Once upon a memory, my mother held my hand while we walked from our small apartment in Turku to the local market. I can still see the spring dew just starting to blossom on every green surface it could find. I can still hear the whizzing of cars when they sped past us. I can still smell the wild flowers that were sprinkled through the grass. I can still feel the solid concrete of the sidewalk, keeping me safe on my journey. Never once did I question us walking instead of driving to the market.
Later in my life, I would ask my mother why we saw so many people walk to work, the market, the library, school and more. She simply said in Finland, if you could walk on the sidewalk to your goal, you simply would walk. Nobody questioned that the car would be faster or you could take more home or you would save time or it would be easier.
My mom reminded me every time we walked to the market, library or my daycare that we are lucky to be able to walk. She told me of places where walking is not an option because the town or city decided sidewalks were not a part of their design. My shocked child brain could not phantom a place not valuing their sidewalks.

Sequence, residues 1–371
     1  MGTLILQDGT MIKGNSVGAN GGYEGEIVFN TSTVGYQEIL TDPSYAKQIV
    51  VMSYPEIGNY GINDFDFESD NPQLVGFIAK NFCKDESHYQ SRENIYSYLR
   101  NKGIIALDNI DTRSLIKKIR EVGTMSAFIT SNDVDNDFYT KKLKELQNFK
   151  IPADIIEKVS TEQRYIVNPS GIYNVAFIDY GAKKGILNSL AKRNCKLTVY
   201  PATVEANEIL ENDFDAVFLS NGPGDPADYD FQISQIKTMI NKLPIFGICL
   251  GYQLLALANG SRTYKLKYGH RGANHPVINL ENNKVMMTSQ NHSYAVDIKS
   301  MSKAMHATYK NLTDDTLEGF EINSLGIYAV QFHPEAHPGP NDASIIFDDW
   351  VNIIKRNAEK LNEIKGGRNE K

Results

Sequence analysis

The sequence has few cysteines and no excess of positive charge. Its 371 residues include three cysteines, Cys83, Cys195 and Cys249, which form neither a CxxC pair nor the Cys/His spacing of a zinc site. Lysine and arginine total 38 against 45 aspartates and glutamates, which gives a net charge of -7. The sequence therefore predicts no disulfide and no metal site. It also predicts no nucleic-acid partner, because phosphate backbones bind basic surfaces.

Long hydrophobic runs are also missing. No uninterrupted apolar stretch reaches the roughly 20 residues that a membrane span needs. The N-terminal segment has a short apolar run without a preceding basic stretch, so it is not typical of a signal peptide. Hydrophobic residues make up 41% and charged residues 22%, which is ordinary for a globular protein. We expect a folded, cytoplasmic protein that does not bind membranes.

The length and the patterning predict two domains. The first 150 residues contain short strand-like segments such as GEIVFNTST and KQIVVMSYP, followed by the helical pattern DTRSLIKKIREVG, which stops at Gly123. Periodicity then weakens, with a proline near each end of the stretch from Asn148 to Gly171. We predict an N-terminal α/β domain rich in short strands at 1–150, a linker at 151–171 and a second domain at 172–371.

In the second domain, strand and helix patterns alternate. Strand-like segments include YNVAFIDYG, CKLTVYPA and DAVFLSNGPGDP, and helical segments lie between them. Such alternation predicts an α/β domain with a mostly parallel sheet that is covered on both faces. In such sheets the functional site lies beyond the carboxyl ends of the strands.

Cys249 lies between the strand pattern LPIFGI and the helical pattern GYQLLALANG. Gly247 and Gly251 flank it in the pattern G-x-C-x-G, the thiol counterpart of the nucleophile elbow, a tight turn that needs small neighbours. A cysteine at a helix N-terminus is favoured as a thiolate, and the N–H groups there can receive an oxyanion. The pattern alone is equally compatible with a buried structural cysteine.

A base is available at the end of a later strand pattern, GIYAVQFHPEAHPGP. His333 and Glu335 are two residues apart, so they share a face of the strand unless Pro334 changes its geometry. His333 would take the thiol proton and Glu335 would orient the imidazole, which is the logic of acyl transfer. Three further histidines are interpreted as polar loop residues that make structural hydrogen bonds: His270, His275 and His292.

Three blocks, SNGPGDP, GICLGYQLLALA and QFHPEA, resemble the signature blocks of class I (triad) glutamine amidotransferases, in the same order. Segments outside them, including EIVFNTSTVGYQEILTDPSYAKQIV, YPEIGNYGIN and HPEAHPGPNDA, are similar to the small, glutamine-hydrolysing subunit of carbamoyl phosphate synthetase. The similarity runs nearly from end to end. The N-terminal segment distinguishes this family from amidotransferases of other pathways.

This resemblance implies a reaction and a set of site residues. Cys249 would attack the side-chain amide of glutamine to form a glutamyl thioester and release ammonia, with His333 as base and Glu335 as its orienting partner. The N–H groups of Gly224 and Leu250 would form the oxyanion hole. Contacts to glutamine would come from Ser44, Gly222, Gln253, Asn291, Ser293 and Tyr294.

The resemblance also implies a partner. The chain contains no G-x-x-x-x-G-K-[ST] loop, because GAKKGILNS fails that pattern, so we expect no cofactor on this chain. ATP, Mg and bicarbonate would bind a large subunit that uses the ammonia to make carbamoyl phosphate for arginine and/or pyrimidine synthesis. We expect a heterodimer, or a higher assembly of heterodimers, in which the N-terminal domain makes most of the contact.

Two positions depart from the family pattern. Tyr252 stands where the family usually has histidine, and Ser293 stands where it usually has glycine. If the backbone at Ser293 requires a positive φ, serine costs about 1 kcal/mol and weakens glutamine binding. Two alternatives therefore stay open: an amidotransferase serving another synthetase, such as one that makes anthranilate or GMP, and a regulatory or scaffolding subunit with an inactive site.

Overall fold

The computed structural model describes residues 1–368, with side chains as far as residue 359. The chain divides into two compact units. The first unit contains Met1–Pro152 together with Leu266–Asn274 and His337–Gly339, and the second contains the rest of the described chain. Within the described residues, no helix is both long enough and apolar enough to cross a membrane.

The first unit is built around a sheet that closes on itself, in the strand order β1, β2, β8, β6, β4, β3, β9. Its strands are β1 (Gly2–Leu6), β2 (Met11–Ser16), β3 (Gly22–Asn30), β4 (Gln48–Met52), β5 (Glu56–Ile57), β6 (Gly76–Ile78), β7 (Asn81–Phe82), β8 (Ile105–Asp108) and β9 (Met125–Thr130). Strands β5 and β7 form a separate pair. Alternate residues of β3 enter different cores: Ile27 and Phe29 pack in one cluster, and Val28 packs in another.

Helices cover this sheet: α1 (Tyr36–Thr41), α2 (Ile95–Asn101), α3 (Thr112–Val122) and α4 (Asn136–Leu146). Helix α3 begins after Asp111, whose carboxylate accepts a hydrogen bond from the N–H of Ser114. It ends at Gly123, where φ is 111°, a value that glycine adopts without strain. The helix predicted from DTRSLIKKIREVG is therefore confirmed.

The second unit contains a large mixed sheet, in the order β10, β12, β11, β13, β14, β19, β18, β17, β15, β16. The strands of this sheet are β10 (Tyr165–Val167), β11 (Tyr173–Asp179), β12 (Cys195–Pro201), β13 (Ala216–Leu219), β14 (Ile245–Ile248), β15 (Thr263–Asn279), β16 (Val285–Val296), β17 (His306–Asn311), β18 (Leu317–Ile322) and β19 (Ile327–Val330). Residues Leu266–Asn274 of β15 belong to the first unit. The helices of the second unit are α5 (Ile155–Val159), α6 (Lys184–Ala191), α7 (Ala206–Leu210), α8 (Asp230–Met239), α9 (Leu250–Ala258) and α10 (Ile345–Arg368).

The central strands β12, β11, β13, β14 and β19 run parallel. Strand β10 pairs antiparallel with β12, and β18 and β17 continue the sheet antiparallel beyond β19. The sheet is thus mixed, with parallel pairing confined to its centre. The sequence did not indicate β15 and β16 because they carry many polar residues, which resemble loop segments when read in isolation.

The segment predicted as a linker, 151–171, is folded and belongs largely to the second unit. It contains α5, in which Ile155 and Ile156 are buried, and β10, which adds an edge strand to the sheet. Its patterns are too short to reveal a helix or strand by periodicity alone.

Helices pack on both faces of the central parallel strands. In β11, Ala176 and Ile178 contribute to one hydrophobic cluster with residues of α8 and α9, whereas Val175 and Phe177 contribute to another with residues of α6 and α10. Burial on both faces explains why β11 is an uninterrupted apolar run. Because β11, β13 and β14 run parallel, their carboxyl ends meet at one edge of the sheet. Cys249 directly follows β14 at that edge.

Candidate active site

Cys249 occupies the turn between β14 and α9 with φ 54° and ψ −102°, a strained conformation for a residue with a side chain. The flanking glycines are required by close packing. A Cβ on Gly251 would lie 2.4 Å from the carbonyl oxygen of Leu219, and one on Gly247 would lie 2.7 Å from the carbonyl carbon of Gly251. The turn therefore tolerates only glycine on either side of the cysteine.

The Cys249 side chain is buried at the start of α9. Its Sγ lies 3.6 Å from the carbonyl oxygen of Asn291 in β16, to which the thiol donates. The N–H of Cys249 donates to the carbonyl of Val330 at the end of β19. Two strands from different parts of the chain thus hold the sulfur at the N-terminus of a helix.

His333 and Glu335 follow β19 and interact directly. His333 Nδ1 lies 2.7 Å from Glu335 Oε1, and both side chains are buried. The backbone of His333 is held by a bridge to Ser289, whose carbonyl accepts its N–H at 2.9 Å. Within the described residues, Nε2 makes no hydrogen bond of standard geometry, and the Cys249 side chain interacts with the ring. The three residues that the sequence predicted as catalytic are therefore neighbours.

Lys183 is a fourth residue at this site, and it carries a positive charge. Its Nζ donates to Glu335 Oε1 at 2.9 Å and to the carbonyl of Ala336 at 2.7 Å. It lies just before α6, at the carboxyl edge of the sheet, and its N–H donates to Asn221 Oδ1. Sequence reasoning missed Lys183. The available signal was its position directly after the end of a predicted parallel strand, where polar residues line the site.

Until I went to high school in Texas and learned I could not walk the30 minutes to school because there was no sidewalk. No, instead I waited 30 minutes for my yellow bus and waited another 30 minute while it drove around to three other neighborhoods. Yes, many students used that time to chat, eat and mostly sleep. But, I stared out the window, desiring to be outside with nature and fresh air.
To my joy and surprise when I arrived in Abilene for the first time, I was able to walk to almost everywhere in town. I could walk to the park, the library, the schools, my office, the dollar general and more. Me and my pup could take our time outside and walk till we ran out of energy. I once again could feel the concrete underneath my feet and feel the safety that it brought to my soul.
So now, when I walk, I think of my first home and how much my new home sounds, looks and feels so similar, so comforting. Thank you to those who make sure that Abilene always has it’s sidewalks.
AJ Raaska is a reporter for the Abilene Reflector-Chronicle